into the deserts in the face of uncertainty

What? The Sinai? Huh, Khartoum? Are you crazy? Why, don’t go there, it’s dangerous!

Invariably this is how people react when you tell them you’re off to the Sinai in Egypt or the Bayuda in Sudan to do a desert crossing. It’s the almost generic fear many people harbour about Africa. All Western media ever talks about, are the wars and ethnic conflicts, variously mismanaged or escalated by local governments and often abetted by foreign interference or, more succinctly, by the international arms trade. Protecting local elites, international interests in natural resource extraction and global positioning bypass the local populations who often continue to live in a state of material poverty and compromised ambitions.

‘It’s not the people, it’s their government,’ goes the saying. And so it is with the good, friendly, welcoming and un-jaded Egyptians and Sudanese we met. While we were in Sudan, daily civilian protest demonstrations took place in the cities against their military ruler and as I write this, history is unfolding. After a thirty-year rule, in April 2019 Omar al-Bashir has been removed but nobody knows the upshot of what’s next.

The Sinai, too, is known for violence around the northern parts, far removed from the crossing we did in the southern mountains of the peninsula. And, shortly after our group left Egypt, a plane was shot down near Sharm-el-Sheikh airport by an Isis-affiliated organisation. Stuff happens, yes, but these incidents have nothing to do with us tourists visiting the most remote desert areas in these countries. By traveling here, we help the local population earn an income that’s otherwise hard to come by, and Secret Compass has elaborate plans in place should evacuation be necessary. They have ample experience with expeditions in ‘unorthodox’ destinations and their guides are tops in their field.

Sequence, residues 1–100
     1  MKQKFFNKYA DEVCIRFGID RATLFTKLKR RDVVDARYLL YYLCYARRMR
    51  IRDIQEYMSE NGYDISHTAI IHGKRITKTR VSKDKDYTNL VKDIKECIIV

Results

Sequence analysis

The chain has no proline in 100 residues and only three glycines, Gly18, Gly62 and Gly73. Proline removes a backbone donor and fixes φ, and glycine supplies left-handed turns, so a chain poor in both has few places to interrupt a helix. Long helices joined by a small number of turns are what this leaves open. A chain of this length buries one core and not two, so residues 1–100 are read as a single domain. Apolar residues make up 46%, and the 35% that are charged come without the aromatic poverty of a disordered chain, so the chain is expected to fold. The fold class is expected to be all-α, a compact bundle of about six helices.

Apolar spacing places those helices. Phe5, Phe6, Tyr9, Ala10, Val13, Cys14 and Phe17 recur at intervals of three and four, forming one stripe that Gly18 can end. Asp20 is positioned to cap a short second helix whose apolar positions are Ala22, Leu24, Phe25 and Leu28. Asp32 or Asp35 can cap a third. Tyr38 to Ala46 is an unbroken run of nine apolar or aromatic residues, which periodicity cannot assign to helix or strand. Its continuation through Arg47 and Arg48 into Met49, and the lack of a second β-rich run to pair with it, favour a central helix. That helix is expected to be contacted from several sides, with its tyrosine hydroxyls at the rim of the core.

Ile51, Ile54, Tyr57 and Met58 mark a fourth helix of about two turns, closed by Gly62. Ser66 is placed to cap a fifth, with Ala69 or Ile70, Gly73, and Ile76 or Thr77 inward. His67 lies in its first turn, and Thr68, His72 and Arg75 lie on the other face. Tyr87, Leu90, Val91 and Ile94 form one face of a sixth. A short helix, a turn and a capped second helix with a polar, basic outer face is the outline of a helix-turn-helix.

Clearly, the kinds of people who participate in these trips are not exactly the ‘cruise, luxury lodge and spa’ crowd – they tend to be tough and resilient, generally taking potential eventualities in stride. I’m a solo traveler, mostly, but in order to experience these kinds of destinations and activities, I will make an exception and gladly join a Secret Compass group.

Despite everything the distinguished culture critic Edward Said wrote about Orientalism, colonial attitudes and western misperceptions of Islam, to this Dutch girl there’s something alluringly ‘19th Century Romantic’ about walking in the Nubian desert accompanied by Bedouin ‘men in robes’ and their camels. I jump right in by wearing a long robe myself: it’s cool, comfortable and colourful, while being modest at the same time, and that’s important in these places. Perhaps because of this, I’ve been made into the Secret Compass’ ‘supermodel’ on the Sinai expedition web page.

On our way, we see our Muslim friends dash off from time to time to say their prayers in private, on their knees in the sand. Do they do this to acknowledge the good life we’re living here in the wild, to bless the goat who just gave his life to feed us dinner? Or to beg Allah to rescue us from this silly idea of crossing the hot desert on foot, when there’s Toyota 4x4s readily available?

A walking pace allows for quiet introspection but also for close observation of small details in a landscape like the Bayuda which at times is featureless and flat. The oppressive 40-degree heat, which even the locals said was much too hot for the time of year (25 degrees more likely), was confirmed by the camels as they walk steady gait with their eyes on the horizon, occasionally eyes closed in perfect silent meditation. The details of a desert’s surface are rich, with all kinds of tracks clearly visible in the sand, from snake-slithers to hoof prints to bird feet, lizards and foxes. There’s plenty of life, but you hardly ever see it. And wherever a spot of moist lingers, a thorny plant will take advantage and grow its seed as fast as possible or grow long shoots along the surface, in the hope of another drop of water.